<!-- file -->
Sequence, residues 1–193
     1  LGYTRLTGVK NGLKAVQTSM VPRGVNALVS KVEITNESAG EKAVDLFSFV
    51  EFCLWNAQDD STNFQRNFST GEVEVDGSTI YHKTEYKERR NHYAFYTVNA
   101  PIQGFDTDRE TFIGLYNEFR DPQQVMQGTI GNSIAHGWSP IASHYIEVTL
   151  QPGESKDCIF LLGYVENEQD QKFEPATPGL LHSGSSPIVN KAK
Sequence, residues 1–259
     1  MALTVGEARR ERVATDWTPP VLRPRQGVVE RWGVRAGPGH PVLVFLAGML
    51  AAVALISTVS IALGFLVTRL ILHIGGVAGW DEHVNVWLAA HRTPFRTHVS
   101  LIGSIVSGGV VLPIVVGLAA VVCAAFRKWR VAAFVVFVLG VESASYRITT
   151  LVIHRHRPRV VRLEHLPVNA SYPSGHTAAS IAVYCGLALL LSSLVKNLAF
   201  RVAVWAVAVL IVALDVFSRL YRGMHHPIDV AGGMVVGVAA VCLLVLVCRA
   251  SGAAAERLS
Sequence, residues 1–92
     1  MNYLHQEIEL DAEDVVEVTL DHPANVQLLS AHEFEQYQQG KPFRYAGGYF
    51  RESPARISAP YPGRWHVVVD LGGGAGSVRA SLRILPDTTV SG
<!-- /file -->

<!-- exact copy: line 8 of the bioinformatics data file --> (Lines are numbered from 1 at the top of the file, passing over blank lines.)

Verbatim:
    51  AAVALISTVS IALGFLVTRL ILHIGGVAGW DEHVNVWLAA HRTPFRTHVS